Vanna Francia, director of Hamden Community Services who worked with Gambardella at the kickoff dinner at Cascade, concurred that cash was collected and that it amounted to much more than $6.
“We always had prepayments before an event. Brian’s the one who accepted money at the door,” said Gambardella. “None of our people in the past or in the future handled cash at the door. When the money came, Vanna and I counted it.” Neither she nor Francia remembered how much cash was collected.
“He took all the money home. I didn’t want that, but he insisted,” said Gambardella. “I didn’t want him to think I didn’t trust him but I said I wanted the money soon.”
Francia said she didn’t understand why Badamo was allowed to take the cash and checks with him.
“After the event I got very suspicious. I was annoyed he wasn’t handing in the money,” said Gambardella. “He knew I was after him for the checks and cash. He wouldn’t return my calls. I called the [fire] station he worked out of. I took some trips to [fire headquarters]. I e-mailed him. Then finally, finally we got the checks and the $6 about two months later. When I did not agree with the money, I, in turn photocopied all the checks and the $6.”
A printout of an e-mail Gambardella sent last August to Badamo says: “HI BRIAN, I HAVE CALLED A ND [SIC] LEFT MANY MESSAGES. I COUNTED A LOT OF CASH THE NIGHT OF THE DINNER. PERHAPS DID YOU PUT IT AWAY NOT TO LOSE IT. I ALSO LOOKED FOR A CHECK TO COVER THE AMOUNT OF CASH BUT THERE WAS NOT [SIC] CHECK IN YOU [SIC] NAME. PLEASE LET’S TALK. CHARLOTTE.”
On Aug. 5, 2005, Gambardella received a reply. “Hi Charlotte This is Brian’s wife. Every single penny from that event was give [sic] to you. I’m sure your [sic] not implying otherwise. Jennifer Badamo”
In addition, Gambardella provided the HDN with copies of the checks and the $1 and $5 bills that she said Badamo returned. She also provided copies of two bank deposit slips, showing the checks and cash she said Badamo turned in. Both slips are dated July 26, 2005. One totals $2,125 and lists 19 checks and no cash. The other lists 23 checks and $6 in cash for a total of $806.
Gambardella said when she asked Badamo where the rest of the cash was he said he paid off some expenses, although she said he didn’t submit any receipts. She also gave the HDN copies of five checks she issued from the Columbus Day Committee bank account to cover the dinner’s expenses. Checks were made out to Michael Streeto for $50; Vanna Francia for $55; Cascade Banquet Facility for $1,810; another to Cascade for $500; and one to Presto Print for $50. Gambardella said there were no other bills and no check from Badamo to replace the cash she and Francia counted on the evening of June 14.
“Badamo didn’t turn in one receipt for any bills he claimed to have paid. He told outside people that he paid things by cash. But he didn’t tell me this. I asked him what he paid and he didn’t respond,” Gambardella said. “After the event, he dodged me completely. He wouldn’t look at me. He wouldn’t talk to me.”
Dominic Corraro of North Haven was chair of the board and is now president of the Columbus Day Committee Corporation. “It was never brought to our attention. This is news to me,” he said expressing concern on how this information could affect the committee’s reputation.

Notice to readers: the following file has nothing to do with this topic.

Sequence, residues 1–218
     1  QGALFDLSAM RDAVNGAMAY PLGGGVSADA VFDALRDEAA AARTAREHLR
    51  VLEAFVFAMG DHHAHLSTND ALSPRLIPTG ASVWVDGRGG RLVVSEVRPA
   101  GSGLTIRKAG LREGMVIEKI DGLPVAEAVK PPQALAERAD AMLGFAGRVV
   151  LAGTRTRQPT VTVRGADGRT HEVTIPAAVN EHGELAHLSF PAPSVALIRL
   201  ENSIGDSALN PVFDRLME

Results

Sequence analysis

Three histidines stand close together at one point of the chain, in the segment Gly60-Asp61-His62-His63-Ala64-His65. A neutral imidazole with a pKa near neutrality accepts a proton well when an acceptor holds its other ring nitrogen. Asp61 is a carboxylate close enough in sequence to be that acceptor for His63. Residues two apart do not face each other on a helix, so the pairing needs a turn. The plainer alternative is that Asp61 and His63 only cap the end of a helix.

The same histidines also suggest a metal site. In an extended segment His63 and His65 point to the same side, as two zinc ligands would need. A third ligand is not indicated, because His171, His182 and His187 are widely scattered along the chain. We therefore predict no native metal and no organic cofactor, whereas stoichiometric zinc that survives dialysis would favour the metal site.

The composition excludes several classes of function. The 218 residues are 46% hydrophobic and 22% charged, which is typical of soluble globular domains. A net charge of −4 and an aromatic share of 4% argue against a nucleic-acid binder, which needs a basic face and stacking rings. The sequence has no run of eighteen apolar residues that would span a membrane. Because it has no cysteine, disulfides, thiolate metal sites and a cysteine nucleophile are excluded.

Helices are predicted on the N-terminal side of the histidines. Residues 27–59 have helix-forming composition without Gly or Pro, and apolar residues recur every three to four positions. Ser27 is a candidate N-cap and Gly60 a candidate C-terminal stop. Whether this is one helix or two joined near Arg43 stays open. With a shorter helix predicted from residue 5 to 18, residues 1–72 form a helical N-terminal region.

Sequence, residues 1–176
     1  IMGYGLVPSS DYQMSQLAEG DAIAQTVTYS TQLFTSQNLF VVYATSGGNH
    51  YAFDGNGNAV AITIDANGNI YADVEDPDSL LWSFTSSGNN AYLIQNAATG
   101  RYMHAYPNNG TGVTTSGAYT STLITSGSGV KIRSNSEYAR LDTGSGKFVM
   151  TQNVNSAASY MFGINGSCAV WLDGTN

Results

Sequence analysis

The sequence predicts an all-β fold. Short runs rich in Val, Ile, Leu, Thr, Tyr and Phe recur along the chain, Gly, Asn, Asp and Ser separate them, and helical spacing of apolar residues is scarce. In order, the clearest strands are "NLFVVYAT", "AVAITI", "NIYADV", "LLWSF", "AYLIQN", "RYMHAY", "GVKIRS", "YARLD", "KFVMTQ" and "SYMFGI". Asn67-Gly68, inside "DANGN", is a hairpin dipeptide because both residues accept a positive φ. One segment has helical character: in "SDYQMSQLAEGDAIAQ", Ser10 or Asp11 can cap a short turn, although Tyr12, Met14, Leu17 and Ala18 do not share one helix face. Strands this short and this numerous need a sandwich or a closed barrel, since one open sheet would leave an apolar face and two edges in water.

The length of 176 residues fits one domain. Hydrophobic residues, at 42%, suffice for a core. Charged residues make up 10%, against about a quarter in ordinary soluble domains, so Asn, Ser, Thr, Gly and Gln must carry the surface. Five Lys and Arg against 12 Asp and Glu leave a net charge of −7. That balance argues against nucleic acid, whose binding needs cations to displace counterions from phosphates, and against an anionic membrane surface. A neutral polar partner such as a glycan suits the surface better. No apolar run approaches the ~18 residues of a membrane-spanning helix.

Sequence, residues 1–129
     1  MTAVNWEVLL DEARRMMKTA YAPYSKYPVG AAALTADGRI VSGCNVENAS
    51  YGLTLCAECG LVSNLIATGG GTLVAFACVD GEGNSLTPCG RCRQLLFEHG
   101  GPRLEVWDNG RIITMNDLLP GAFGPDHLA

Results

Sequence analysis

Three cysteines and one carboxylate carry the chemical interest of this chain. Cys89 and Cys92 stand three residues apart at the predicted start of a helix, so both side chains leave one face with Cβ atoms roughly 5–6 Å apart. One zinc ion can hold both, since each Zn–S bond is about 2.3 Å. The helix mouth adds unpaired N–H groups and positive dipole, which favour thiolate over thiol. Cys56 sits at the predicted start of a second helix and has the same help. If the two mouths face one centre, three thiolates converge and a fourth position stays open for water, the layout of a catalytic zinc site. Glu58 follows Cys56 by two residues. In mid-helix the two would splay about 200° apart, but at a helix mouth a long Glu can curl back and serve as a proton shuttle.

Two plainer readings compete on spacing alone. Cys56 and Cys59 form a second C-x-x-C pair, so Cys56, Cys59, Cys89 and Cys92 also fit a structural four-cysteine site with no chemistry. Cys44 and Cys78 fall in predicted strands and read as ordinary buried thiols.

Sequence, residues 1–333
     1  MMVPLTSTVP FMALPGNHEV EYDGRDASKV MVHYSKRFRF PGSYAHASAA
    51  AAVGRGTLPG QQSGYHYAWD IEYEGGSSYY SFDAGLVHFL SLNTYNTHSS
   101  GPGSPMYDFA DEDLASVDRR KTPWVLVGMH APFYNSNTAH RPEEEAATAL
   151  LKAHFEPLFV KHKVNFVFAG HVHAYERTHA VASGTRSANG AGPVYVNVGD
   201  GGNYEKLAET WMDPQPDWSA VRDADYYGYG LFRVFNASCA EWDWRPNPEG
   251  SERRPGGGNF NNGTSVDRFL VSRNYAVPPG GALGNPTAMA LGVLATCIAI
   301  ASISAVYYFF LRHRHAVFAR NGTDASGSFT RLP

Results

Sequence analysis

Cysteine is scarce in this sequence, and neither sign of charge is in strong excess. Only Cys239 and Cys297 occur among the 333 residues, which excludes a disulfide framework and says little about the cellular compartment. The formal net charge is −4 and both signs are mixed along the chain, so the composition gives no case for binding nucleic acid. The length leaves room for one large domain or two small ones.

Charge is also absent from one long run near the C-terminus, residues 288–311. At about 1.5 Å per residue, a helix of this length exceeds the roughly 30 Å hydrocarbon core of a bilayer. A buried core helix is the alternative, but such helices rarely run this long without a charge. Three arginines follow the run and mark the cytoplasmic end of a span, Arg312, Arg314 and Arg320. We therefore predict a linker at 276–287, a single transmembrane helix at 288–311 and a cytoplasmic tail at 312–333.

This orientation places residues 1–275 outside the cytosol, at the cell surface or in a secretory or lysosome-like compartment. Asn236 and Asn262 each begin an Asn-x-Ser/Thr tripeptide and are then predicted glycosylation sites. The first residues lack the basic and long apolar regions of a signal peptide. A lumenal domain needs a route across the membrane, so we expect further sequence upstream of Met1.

“Alleging anyone stole money is a very serious allegation. If they have evidence to indicate Brian Badamo stole money they should go to the police,” said attorney Keefe. “Short of that they should be very careful of making criminal allegations against anybody because that constitutes defamation for which they could be sued.” He refused to comment further.
Former Mayor John Carusone, who was the committee’s finance chair last year, said he stands behind Gambardella 100 percent. “I have great faith in Charlotte Gambardella. She has been a tremendous treasurer for the Columbus Day Committee for a number of years,” he said. “She is a completely honest person.”
The HDN called Mayor Craig Henrici for comment yesterday afternoon. He had a councilman in his office at the time, and was asked to call the HDN later in the day regarding a serious matter. Henrici said he would call but didn’t.
In April, Henrici announced his appointment of Badamo for fire chief, but lacked the needed Council support -- and created public outcry -- after dragging it out for roughly three months. Instead, Wallingford's David Berardesca was approved for the top fire slot. He assumed the post last week.
August 22, 2006
By Sharon Bass
Contributions to the town’s pension plan took a sharp nosedive in 1998. That was former Republican Mayor Barbara DeNicola’s first budget. But it was actually the barely Democratic-controlled Council that cut her $4.4 million retirement fund suggestion by about two-thirds. In 1999, she proposed an amount similar to what the Council approved the year before, $1.5 million.
This time the eight Democrats and seven Republicans voted her way down. Like to zero dollars. And the retirement account has been limping along ever since.
Mayor Craig Henrici thinks it won’t make it on employer and employee contributions and investment returns. He wants to bond it for $85 million. But it’s up to the Legislative Council to decide whether Hamden goes $85M more into the hole called debt -- and there’s a lot of hesitation about going that route. It takes a two-thirds’ vote (or 10 votes) for this type of measure to pass.